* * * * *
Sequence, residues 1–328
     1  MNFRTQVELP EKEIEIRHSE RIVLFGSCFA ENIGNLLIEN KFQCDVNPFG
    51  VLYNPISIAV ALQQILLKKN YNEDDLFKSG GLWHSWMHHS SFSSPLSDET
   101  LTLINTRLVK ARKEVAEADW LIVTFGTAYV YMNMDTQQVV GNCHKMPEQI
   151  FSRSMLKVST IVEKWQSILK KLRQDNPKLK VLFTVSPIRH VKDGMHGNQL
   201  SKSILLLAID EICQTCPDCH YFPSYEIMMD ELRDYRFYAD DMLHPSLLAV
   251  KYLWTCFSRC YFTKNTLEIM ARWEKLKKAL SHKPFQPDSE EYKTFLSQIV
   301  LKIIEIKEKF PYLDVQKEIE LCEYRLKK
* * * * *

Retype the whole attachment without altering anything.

Sequence, residues 1–328
     1  MNFRTQVELP EKEIEIRHSE RIVLFGSCFA ENIGNLLIEN KFQCDVNPFG
    51  VLYNPISIAV ALQQILLKKN YNEDDLFKSG GLWHSWMHHS SFSSPLSDET
   101  LTLINTRLVK ARKEVAEADW LIVTFGTAYV YMNMDTQQVV GNCHKMPEQI
   151  FSRSMLKVST IVEKWQSILK KLRQDNPKLK VLFTVSPIRH VKDGMHGNQL
   201  SKSILLLAID EICQTCPDCH YFPSYEIMMD ELRDYRFYAD DMLHPSLLAV
   251  KYLWTCFSRC YFTKNTLEIM ARWEKLKKAL SHKPFQPDSE EYKTFLSQIV
   301  LKIIEIKEKF PYLDVQKEIE LCEYRLKK